Charge II, Specification 8: On March 8, 2010, take more than 700 records from a SOUTHCOM database.

This must be the Gitmo information that we have not yet seen. Interesting that they have an exact date for it.

Charge II, Specification 9: Between March 8 and May 27 transmit more than 3 of the SOUTHCOM (presumably, Gitmo) records to someone not authorized to receive them.

I find this one really interesting. They don’t charge any other documents we haven’t yet seen. So why do they believe Manning transmitted them with such specificity? Unless he leaked them to someone else–like Adrian Lamo.

Charge II, Specification 10: Between April 11 and May 27, 2010, transmitting more than 5 records relating to the US killing of up to 140 civilians in Garani, Afghanistan, on May 4, 2009.

Again, these are documents we have not yet seen. But they’re related to the Garani airstrike video which we have also not yet seen.

Charge II, Specification 11: Between November 1, 2009 and January 8, 2010, transmitting a file containing the video BE22 PAX.wmv to someone not authorized to receive it.

Given that this follows the reference to Garani-related documents and given that we’ve already seen reference to the Collateral Murder video, this must be the Garani video.

Charge II, Specification 12: Between March 28 and May 4, 2010, taking the Department of State Net-Centric Diplomacy database consisting of the 250,000 State cables.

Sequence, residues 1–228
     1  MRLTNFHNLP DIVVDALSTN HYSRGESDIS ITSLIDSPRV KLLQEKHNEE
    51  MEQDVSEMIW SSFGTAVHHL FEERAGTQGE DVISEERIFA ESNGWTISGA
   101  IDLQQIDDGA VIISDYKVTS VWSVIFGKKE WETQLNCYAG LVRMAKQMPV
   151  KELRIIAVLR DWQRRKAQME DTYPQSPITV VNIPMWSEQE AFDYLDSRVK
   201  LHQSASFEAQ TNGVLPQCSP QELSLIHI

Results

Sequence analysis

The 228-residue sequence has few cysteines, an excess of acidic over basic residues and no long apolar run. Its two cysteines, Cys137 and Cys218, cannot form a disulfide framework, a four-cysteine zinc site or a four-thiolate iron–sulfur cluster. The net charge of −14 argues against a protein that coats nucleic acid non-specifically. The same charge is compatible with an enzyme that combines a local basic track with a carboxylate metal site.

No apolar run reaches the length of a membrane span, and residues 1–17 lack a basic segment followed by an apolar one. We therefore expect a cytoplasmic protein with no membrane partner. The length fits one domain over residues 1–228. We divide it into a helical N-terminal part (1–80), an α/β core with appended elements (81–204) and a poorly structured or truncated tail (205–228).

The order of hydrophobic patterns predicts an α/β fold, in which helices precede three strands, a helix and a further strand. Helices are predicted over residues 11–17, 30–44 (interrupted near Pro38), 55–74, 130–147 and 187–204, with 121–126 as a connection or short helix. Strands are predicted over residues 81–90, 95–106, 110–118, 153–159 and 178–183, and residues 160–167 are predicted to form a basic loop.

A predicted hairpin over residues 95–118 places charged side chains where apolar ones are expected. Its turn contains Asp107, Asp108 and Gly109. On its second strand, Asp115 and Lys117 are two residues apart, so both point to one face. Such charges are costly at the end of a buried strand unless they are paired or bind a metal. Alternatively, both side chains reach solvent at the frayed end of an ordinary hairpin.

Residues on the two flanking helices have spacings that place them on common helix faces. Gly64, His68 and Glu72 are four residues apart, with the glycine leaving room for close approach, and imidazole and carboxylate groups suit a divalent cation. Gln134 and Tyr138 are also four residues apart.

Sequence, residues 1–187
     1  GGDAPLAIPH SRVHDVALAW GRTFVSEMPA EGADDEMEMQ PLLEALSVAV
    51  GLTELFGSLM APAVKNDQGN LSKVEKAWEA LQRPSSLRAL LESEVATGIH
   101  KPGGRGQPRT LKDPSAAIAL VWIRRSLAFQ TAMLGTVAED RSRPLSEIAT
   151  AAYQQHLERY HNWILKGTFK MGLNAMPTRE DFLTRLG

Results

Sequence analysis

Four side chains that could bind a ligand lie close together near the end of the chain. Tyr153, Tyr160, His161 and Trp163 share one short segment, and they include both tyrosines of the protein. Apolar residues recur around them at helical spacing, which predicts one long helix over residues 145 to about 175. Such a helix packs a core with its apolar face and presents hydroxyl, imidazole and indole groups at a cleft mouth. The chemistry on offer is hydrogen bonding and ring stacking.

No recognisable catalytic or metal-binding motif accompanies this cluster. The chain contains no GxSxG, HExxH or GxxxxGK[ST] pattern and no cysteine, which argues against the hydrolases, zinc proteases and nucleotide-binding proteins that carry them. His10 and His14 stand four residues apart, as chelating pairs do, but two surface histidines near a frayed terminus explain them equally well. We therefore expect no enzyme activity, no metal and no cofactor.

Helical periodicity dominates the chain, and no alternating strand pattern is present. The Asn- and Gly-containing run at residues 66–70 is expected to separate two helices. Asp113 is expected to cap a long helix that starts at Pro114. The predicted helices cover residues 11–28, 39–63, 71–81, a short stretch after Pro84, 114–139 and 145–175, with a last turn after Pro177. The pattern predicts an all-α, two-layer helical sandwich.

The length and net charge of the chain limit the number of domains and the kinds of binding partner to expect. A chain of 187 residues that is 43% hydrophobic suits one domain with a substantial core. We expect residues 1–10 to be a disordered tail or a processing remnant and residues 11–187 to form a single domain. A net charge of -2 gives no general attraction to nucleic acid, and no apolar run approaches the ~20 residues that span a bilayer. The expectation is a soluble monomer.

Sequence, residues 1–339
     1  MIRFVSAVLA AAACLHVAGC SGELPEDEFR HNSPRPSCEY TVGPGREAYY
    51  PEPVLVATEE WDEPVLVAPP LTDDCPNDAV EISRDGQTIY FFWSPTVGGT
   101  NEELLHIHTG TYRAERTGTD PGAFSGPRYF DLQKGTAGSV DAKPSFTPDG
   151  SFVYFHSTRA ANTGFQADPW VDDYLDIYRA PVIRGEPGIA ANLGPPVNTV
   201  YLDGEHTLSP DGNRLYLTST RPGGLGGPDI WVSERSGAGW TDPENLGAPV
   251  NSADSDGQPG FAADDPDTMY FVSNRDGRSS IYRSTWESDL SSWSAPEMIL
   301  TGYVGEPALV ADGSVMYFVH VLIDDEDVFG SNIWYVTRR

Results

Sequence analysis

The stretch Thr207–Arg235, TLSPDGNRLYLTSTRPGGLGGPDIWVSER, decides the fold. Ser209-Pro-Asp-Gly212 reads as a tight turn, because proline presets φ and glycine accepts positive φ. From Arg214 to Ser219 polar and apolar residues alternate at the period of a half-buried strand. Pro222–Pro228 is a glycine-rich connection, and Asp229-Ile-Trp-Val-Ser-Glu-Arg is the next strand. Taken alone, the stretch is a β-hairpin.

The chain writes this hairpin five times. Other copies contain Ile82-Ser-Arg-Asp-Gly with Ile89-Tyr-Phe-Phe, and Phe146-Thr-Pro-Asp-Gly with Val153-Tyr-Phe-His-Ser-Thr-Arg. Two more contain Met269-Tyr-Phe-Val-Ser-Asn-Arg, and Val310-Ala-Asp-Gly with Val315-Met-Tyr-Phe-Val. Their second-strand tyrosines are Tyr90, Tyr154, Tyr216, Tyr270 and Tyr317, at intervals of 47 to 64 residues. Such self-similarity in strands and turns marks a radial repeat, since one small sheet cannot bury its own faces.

Charge II, Specification 13: Between March 28 and May 27, 2010, transmitting mroe than 75 state department cables to someone not entitled to receive it.

In the first charge sheet, they charge Manning with transmitting 50 cables; this seems to be the same charge. Given that they charged that even before WL started leaking the State cables (that is, at that point they had no evidence WL had gotten the cables), I’ve always suspected this leak was to someone else, possibly Lamo.

Charge II, Specification 14: Between February 15 and February 18, 2010 transmitting the Rejkjavik-13 cable.

This is interesting because it was after Manning had returned to Iraq.

Charge II, Specification 15: Between February 15 and March 15, 2010, transmitting the US Army intelligence report on WikiLeaks.

Charge II, Specification 16: Between May 11 and May 27, 2010, taking the US Forces–Iraq Microsoft Outlook/SharePoint Exchange Server global address list.

Are they basically charging Manning with downloading a phone book?!

Charge III, Article 92, Specification 1: Between November 1 and March 8, 2010, attempting to bypass network security.

Note the end date on this is the same date as Manning is alleged to have taken the SOUTHCOM (probably Gitmo) documents.

Charge III, Specification 2: Between February 11 and April 3, 2010, adding unauthorized software to SIPRNet.

I’ve written about the earlier version of this charge here.

Charge III, Specification 3: On May 4, 2010, adding unauthorized software to SIPRNet.

Note, in the first charging sheet, there was just one version of this charge. May 4 would have been around the time Manning was disciplined.

Charge III, Specification 4: Between May 11 and May 27, 2010, using an information system in a manner other than its intended purpose.

I’m really fascinated by this one. This would presumably have been the period when Manning had lost access to the intelligence networks. I wonder whether they’re dinging Manning for his chats with Lamo (though the ones we know about don’t start until several weeks later).

Charge III, Specification 5: Between November 1, 2009 and May 27, 2010, wrongfully storing classified information.

This is where they get into the true petty charges!